Leggings

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071w

 

 

077w

I am having a hard time catching up on the modeling learning curve. I don’t personally know anybody who enjoys having their picture taken, and I certainly wouldn’t put myself in that category either. It’s much easier to make a face as I’m falling off the stairs than to try to pose in a way I think looks good while being self-conscious about thinking I look good. Ug. Why am I doing this again? Because I don’t think I’m alone out there.

I know that leggings are threatening to go on their way out, but I won’t give them up until some other elastic waisted pants come along. They’re the first thing I go to when I want to feel comfortable and look normal at the same time.

Shoes: Payless
Leggings: Target
Tunic: Thrifted
Cardigan: Costco
Bag: DD’s Discounts
Bracelets: Gifted

The Mom Dressing Rut

Once you leave your 20’s behind, dressing becomes a challenge. Suddenly whatever crazy things are in style no longer look good on you just because you’re young. Instead of ugly pretty boho chic, you just begin to look ugly ugly crazy bag lady. You can no longer walk into the junior section and pull off whatever the mannequin is wearing.

But you can’t just stroll over to the women’s section either. That section can be filled with everything from shiny track suits favored by elderly mall-walkers, to smart polyester pant suits, to sequined tunics the ladies who lunch wear to dinner. There is a very very steep drop off from what the kids are wearing, to what the sassy ladies of a certain age are wearing. The rest of us are left floundering somewhere in the middle.

Then, you add kids to the mix. Oh boy. I went through years and years of hormones and surgeries just to get pregnant. My belly is scarred and lumpy and quite a bit heavier than I started. Then I actually got and stayed pregnant and had a C-section, so now I have stretch marks, rolls, saggy skin, saggy breasts, etc. etc. etc. Sigh. My now four year old son is in a wheelchair, so I bend and squat and lift and every single thing I wear is filthy by the end of the day.

Like so very many of us, I caved to these seemingly insurmountable obstacles, and for my son’s whole life I have had a larger wardrobe of pajamas than anything else. I own my favorite yoga pants in three different colors. I have four pairs of my back up yoga pants. I actually have a ranking system for my yoga pants so I know exactly which ones I’m talking about when I say “back up yoga pants”

I kept telling myself I would get it together once Atticus was older. Once we were leaving the house more often, once he was more mobile, once he was out of diapers, once I lost some weight. Excuses are ever present when you need them. Finally last year I faced a bit of a health crisis that forced me to take a hard look at the life I was living. If infertility taught me anything, it was that you do not put your life off for some magical day that might never come. So if I was going to be some good looking, put together, stylish person and present myself to the world in a way that reflected who I really was, I had to stop waiting for the day I suddenly shrunk back to my college size.

I became obsessed with fashion blogs. I read my favorites every day, combed through all their blog rolls, asked friends for recommendations, and I found endless inspiration but nobody who was really addressing my dilemmas. Nobody who was struggling to redefine their style as a newish mom with a whole new body and no longer in the youngster demographic. Nobody with my body type or lifestyle. So I figured I better start my own.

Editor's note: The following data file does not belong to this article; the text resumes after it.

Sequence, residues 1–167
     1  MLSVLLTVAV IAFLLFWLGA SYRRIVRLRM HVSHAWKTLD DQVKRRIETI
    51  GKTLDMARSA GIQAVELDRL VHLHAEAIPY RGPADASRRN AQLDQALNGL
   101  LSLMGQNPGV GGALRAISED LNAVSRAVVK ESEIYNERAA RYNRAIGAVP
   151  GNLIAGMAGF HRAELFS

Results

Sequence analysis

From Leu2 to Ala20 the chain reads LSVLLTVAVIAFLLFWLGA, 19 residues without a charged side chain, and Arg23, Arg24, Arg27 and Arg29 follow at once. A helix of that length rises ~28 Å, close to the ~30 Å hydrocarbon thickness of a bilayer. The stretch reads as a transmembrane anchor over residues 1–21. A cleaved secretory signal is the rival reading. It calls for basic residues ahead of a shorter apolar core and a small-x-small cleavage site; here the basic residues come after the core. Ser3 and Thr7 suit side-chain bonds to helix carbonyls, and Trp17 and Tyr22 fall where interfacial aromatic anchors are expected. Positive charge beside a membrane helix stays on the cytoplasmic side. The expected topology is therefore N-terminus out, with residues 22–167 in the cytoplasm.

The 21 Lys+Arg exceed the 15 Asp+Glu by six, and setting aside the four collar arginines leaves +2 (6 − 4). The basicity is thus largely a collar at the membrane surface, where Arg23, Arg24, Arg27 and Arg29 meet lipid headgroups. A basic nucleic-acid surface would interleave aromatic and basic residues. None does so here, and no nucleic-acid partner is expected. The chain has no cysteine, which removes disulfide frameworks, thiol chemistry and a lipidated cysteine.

I’m a lot thicker than I was in my previously stylish life, and I feel no need to apologize for that or try to disguise it. These pounds were hard won thanks to hormones and shots and hot flashes and surgeries. Despite my best efforts, they don’t appear to be going anywhere, so … oh well. I don’t buy into the advice of stylists that you have to dress for your body type and obey a bunch of rules so that you bend your body as close as possible to some silly idea of one “appropriate” kind of beauty.

I have three rules for dressing.

1. WEAR WHAT FITS

This means that if I, as a large chested woman, want to wear a turtleneck, I am going to wear that turtleneck and dare somebody to say something about it. But I’m also going to make sure that the turtleneck is somehow cut to fit my waist appropriately without smashing my chest down and straining the knit until it’s transparent.

2. NO MOM UNIFORMS

Stylists love to dress moms in “practical” outfits of a knit top and khaki slacks, with sensible loafers and maybe a sassy little jacket. Fine. But every day? Anything, worn everyday, looks sloppy. Because no thought was put into it and it shows. I will prove to you as I go that I can wear an outfit that breaks every “rule” of how a thick-waisted, large-breasted woman should be dressing, and I’ll look better than the generic mom worried about her laundry in some commercial. Thought counts. Creativity counts. Way more than optical illusions to disguise the body I have into the body somebody somewhere thinks I should have.

3. CHEAP. IT MUST BE CHEAP.

I am a mom after all. I’ve got a few responsibilities beyond that gorgeous pair of shoes.

I’ve been blogging for ages at ReeseDixon.com where I write about a creative approach to life. I use my creativity to come up with recipes, parenting tips, and loads and loads of craft designs. It’s time I set that creativity to work on myself, shake off the mom rut, and use personal style as another creative medium to express myself to the world.